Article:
4 Types of Paprika, Explained

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4 different types of paprika piled on a surface: smoked, hungarian, regular, and Spanish
Credit: Alex Lepe

Of all the different types of spices you might come across at the store, paprika is arguably one of the most vibrant and recognizable. This rich reddish-orange — and sometimes brown — spice is super versatile and comes in a few different forms. Paprika is a common ingredient in popular foods like barbecue sauce and spice rubs. It’s flavor ranges all the way from sweet to hot and can add smokiness, brightness, or even a light fruity flavor depending on which variety you use. Here we break down the differences between four main types of paprika so you’ll know which to reach for when.

What is Paprika?

Paprika is a powder made from grinding the pods of various kinds of Capsicum annuum, otherwise known as peppers. Used for flavor and color, it is the fourth most consumed spice in the world and often appears in spice mixes like bahārāt and Cajun seasoning, rubs, marinades, stews, chilis, and as a garnish. Depending on the variety of pepper and how it is processed, the color can range from bright red to brown and the flavor from mild to spicy. It’s helpful to know the distinct qualities that each type of paprika can bring to a dish.

Credit: Photo: Alex Lepe

“Regular” Paprika

Most of the paprika sold in grocery stores is simply labeled “paprika.” Its origins may be Hungarian, Californian, or South American, and it is sometimes mixed with other chiles like cayenne. This paprika tends to be neither sweet nor hot and is flexible enough to use in everything from deviled eggs to chicken tikka masala.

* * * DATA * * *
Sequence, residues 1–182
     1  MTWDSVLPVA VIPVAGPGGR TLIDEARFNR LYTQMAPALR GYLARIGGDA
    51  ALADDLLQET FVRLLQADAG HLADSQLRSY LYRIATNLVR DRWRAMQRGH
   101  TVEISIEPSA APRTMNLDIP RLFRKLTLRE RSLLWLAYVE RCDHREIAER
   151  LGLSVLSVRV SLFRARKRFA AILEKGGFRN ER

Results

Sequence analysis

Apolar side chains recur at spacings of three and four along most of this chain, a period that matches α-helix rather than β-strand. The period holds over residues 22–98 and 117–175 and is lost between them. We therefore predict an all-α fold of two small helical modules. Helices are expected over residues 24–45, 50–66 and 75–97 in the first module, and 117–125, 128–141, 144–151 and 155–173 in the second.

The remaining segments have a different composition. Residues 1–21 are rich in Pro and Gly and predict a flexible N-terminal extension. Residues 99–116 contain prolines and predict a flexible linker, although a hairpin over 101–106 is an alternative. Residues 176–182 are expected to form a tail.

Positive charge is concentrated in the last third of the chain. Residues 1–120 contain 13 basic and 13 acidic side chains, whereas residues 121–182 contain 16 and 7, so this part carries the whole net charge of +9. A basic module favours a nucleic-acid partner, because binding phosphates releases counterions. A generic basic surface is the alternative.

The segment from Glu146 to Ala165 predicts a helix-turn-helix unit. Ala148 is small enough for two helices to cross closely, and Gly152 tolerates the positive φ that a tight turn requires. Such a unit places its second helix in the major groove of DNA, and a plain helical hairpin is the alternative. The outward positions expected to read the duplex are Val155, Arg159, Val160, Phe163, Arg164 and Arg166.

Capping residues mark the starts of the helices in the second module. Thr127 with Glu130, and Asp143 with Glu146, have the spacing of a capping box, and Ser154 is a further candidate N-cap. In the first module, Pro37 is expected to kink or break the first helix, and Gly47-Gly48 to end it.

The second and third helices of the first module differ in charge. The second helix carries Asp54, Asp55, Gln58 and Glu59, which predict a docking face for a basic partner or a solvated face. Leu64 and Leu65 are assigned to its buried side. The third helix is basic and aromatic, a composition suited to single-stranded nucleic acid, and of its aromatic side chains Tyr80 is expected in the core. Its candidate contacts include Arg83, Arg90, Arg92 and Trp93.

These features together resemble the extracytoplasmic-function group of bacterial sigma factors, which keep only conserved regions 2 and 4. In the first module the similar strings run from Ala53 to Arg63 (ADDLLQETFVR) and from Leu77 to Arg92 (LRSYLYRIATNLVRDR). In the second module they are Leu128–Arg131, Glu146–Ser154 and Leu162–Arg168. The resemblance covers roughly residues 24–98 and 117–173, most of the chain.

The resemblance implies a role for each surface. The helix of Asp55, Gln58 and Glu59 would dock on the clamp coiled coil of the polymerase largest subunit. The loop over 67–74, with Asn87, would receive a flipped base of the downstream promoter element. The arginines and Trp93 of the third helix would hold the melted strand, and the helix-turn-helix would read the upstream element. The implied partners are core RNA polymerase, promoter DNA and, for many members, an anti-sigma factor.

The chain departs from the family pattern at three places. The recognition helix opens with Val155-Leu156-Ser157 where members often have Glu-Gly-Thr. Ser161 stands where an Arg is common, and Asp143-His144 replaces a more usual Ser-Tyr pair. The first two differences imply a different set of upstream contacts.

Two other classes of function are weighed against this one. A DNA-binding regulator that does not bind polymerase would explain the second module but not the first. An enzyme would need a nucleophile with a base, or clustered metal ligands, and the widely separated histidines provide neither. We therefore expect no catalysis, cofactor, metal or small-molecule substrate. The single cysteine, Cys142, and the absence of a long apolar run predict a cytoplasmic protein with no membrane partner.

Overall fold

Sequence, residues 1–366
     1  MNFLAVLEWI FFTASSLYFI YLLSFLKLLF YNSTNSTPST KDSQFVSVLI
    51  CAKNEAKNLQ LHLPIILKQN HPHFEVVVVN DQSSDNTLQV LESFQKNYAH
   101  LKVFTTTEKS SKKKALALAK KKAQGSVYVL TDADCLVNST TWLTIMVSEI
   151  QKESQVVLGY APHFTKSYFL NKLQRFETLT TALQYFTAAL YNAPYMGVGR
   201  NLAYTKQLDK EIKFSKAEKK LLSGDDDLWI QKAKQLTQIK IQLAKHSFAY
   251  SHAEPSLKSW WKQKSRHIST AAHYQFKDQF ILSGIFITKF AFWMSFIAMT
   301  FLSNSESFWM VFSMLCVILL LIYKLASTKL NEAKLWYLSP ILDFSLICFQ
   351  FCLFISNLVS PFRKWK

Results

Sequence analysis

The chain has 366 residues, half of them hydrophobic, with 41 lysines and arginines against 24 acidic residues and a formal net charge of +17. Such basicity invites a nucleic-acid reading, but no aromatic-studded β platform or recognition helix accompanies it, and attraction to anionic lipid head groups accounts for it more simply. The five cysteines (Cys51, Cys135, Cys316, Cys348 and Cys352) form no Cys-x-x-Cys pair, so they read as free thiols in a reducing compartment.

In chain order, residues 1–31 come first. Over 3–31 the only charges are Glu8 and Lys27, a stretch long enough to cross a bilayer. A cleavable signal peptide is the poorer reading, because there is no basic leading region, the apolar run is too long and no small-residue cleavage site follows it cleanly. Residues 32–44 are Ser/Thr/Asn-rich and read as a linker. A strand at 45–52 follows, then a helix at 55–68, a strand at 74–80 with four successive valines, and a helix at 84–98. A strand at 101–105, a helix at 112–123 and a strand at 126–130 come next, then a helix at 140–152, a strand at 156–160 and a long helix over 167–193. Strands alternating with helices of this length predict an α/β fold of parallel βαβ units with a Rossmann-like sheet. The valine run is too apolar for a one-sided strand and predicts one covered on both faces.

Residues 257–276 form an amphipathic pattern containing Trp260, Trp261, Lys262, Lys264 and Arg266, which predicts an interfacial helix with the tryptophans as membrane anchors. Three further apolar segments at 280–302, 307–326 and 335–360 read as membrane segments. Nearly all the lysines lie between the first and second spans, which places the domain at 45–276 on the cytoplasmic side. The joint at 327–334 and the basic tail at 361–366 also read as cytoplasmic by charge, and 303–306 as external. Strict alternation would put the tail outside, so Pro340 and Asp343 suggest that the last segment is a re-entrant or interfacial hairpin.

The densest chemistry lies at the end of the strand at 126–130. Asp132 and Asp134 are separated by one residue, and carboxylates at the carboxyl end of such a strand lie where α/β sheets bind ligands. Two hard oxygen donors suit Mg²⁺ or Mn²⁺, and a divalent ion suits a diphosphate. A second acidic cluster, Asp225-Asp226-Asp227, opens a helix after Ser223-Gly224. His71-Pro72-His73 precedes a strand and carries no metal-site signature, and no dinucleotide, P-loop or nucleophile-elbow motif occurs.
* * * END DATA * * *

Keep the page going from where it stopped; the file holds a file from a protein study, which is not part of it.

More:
Credit: Photo: Alex Lepe

Hungarian Paprika

Paprika is considered the national spice of Hungary and it appears in some of the country’s most celebrated dishes, like beef goulash and chicken paprikash. Hungarian paprika is made from peppers that are harvested and then sorted, toasted, and blended to create different varieties. All Hungarian paprikas have some degree of rich, sweet red pepper flavor, but they range in pungency and heat. The eight grades of Hungarian paprika are:

  • Különleges. “Special quality”, which is mild and the most vibrant red.
  • Csípősmentes csemege. Which is delicate and mild.
  • Csemege paprika. Similar to csípősmentes csemege but more pungent
  • Ccsípős csemege. Which is even more pungent
  • Édesnemes. “Noble sweet”; which is slightly pungent and bright red. In the US, what is marketed as Hungarian sweet paprika is usually this variety.
  • Félédes. Semi-sweet with medium pungency.
  • Rózsa. Mildly pungent and pale red.
  • Erős. The hottest and light brown to orange in color.
Credit: Photo: Alex Lepe

Spanish Paprika or Pimentón

Although generally less intense than Hungarian paprika, Spanish paprika can range from dulce (sweet and mild) to agridulce (bittersweet and medium hot) to picante (hot), depending on the type of peppers used (round or long), whether the seeds are removed, and how they are processed.

Credit: Photo: Alex Lepe

Smoked Paprika

In Spain’s La Vera region, farmers harvest and dry the chiles over wood fires, creating smoked paprika or pimentón de La Vera. Smoked paprika works well in dishes like weeknight orzo paella, creamy risotto with preserved lemon, or any dish in which you want a deep, earthy flavor.

How to Use Paprika: